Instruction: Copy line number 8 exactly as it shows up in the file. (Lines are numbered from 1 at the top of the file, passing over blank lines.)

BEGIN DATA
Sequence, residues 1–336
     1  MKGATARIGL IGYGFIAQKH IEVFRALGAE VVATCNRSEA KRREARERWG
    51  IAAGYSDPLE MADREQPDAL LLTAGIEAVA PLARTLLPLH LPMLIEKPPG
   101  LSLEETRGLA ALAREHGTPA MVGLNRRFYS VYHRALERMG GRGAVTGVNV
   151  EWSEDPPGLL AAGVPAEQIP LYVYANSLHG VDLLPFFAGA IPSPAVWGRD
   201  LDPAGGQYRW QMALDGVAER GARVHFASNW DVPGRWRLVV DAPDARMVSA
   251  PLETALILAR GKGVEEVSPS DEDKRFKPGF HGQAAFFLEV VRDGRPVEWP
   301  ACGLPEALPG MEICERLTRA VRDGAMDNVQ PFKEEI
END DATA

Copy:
   301  ACGLPEALPG MEICERLTRA VRDGAMDNVQ PFKEEI